Diagnosis Code Q98.4
Information for Medical Professionals
The following edits are applicable to this code:
Diagnoses for males only Diagnoses for males only
Diagnoses for males only.
Diagnostic Related Groups
The diagnosis code Q98.4 is grouped in the following Diagnostic Related Group(s) (MS-DRG V34.0)
- 729 - OTHER MALE REPRODUCTIVE SYSTEM DIAGNOSES WITH CC/MCC
- 730 - OTHER MALE REPRODUCTIVE SYSTEM DIAGNOSES WITHOUT CC/MCC
Convert to ICD-9 General Equivalence Map
The ICD-10 and ICD-9 GEMs are used to facilitate linking between the diagnosis codes in ICD-9-CM and the new ICD-10-CM code set. The GEMs are the raw material from which providers, health information vendors and payers can derive specific applied mappings to meet their needs.
- 758.7 - Klinefelter's syndrome (approximate) Approximate Flag
The approximate flag is on, indicating that the relationship between the code in the source system and the code in the target system is an approximate equivalent.
Present on Admission (POA) Present on Admission
The Present on Admission (POA) indicator is used for diagnosis codes included in claims involving inpatient admissions to general acute care hospitals. POA indicators must be reported to CMS on each claim to facilitate the grouping of diagnoses codes into the proper Diagnostic Related Groups (DRG). CMS publishes a listing of specific diagnosis codes that are exempt from the POA reporting requirement.
The code Q98.4 is exempt from POA reporting.
- Klinefelter syndrome
Information for Patients
Also called: XXY male
Klinefelter syndrome (KS) is a condition that occurs in men who have an extra X chromosome. The syndrome can affect different stages of physical, language, and social development.
The most common symptom is infertility. Boys may be taller than other boys their age, with more fat around the belly. After puberty, KS boys may have
- Smaller testes and penis
- Breast growth
- Less facial and body hair
- Reduced muscle tone
- Narrower shoulders and wider hips
- Weaker bones
- Decreased sexual interest
- Lower energy
KS males may have learning or language problems. They may be quiet and shy and have trouble fitting in.
A genetic test can diagnose KS. There is no cure, but treatments are available. It is important to start treatment as early as possible. With treatment, most boys grow up to have normal lives.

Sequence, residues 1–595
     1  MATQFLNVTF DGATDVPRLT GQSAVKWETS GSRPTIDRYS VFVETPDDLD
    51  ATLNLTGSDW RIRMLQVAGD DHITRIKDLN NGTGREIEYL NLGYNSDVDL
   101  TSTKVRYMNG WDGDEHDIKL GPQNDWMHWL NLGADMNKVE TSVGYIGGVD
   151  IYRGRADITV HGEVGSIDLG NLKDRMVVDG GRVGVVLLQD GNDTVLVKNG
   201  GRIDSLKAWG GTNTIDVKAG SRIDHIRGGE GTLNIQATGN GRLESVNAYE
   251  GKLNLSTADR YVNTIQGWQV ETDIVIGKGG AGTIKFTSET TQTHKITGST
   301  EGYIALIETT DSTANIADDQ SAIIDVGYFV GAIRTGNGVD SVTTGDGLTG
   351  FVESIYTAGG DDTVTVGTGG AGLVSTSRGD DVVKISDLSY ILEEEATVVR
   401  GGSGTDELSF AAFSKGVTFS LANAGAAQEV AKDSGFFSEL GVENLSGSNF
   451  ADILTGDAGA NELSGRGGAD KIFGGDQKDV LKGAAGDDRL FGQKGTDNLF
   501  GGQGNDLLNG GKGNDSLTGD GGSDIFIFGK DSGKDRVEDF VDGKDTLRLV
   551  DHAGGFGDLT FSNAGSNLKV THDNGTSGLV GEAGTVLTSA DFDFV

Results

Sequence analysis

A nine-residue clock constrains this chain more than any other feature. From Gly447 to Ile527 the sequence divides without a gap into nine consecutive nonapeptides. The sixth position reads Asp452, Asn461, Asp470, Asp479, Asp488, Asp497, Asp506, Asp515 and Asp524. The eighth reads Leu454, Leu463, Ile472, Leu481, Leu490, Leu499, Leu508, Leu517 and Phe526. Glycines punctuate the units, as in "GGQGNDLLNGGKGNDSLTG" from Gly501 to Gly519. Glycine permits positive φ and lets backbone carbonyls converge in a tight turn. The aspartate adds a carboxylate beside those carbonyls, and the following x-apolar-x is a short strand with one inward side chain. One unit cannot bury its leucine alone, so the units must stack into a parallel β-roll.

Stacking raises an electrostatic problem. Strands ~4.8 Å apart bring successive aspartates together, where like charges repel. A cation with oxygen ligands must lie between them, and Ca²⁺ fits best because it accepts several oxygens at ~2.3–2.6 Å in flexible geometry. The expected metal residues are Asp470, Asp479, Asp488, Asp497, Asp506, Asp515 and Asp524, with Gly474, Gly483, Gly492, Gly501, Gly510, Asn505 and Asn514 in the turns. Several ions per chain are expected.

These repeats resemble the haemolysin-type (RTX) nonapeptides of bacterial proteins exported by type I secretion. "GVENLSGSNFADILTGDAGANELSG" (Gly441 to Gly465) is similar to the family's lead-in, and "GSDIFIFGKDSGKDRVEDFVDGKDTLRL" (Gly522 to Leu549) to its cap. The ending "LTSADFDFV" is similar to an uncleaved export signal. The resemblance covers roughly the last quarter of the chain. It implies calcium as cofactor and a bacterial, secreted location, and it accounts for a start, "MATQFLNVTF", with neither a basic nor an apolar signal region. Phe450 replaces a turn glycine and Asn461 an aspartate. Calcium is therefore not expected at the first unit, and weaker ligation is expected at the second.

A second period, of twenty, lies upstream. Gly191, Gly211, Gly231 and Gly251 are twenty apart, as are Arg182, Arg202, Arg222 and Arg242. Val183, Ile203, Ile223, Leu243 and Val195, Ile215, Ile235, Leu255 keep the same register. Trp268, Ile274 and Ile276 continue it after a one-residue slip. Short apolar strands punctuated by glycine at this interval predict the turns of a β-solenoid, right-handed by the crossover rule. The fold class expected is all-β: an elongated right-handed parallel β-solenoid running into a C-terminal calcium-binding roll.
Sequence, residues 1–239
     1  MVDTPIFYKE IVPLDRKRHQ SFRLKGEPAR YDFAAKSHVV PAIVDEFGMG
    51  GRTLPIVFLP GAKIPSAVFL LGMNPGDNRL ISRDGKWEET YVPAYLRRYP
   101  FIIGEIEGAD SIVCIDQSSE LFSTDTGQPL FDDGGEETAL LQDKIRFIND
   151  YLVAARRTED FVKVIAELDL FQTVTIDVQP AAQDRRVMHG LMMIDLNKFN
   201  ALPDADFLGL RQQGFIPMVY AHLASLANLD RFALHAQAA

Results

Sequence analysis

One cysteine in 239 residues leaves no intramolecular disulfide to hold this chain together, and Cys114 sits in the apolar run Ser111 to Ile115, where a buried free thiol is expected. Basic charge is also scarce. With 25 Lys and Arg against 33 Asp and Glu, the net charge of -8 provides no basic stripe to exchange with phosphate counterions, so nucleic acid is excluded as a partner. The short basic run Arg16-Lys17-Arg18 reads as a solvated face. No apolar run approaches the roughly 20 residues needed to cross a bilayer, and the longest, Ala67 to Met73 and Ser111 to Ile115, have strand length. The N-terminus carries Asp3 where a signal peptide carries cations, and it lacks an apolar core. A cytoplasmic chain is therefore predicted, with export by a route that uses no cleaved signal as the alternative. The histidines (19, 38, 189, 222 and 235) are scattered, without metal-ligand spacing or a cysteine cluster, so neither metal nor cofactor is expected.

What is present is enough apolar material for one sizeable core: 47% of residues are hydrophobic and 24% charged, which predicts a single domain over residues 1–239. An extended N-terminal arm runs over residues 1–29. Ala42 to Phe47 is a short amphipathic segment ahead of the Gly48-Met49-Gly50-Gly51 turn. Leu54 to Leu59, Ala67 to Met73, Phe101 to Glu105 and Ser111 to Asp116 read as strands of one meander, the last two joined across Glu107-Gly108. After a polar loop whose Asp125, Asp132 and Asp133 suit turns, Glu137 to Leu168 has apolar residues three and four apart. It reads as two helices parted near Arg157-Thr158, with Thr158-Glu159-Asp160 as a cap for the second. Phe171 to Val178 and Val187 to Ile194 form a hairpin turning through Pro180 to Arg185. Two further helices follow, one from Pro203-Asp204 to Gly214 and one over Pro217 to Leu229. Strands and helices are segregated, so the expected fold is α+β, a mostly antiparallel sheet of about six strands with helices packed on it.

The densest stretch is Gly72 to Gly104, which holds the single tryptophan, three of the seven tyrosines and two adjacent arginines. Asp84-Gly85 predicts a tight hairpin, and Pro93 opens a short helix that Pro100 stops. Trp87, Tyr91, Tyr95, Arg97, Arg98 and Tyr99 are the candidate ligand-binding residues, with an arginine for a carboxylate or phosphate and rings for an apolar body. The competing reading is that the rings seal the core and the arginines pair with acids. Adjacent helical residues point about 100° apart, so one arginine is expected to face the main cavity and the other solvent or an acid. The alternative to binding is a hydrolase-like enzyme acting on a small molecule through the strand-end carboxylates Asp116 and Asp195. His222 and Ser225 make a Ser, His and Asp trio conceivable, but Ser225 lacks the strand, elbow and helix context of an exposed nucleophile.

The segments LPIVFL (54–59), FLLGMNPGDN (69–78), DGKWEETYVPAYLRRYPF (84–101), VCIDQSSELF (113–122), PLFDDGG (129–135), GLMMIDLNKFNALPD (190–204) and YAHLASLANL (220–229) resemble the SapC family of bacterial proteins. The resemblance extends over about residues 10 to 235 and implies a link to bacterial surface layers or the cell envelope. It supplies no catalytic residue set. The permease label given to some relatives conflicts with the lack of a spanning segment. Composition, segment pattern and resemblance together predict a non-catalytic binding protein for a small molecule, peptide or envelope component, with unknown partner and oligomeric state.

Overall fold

Treatments include testosterone replacement therapy and breast reduction surgery. If needed, physical, speech, language, and occupational therapy may also help.
NIH: National Institute of Child Health and Human Development
- Klinefelter syndrome
Klinefelter syndrome Klinefelter syndrome is a chromosomal condition that affects male physical and cognitive development. Its signs and symptoms vary among affected individuals.Affected individuals typically have small testes that do not produce as much testosterone as usual. Testosterone is the hormone that directs male sexual development before birth and during puberty. A shortage of testosterone can lead to delayed or incomplete puberty, breast enlargement (gynecomastia), reduced facial and body hair, and an inability to have biological children (infertility). Some affected individuals also have genital differences including undescended testes (cryptorchidism), the opening of the urethra on the underside of the penis (hypospadias), or an unusually small penis (micropenis).Older children and adults with Klinefelter syndrome tend to be taller than their peers. Compared with unaffected men, adults with Klinefelter syndrome have an increased risk of developing breast cancer and a chronic inflammatory disease called systemic lupus erythematosus. Their chance of developing these disorders is similar to that of women in the general population.Children with Klinefelter syndrome may have learning disabilities and delayed speech and language development. They tend to be quiet, sensitive, and unassertive, but personality characteristics vary among affected individuals.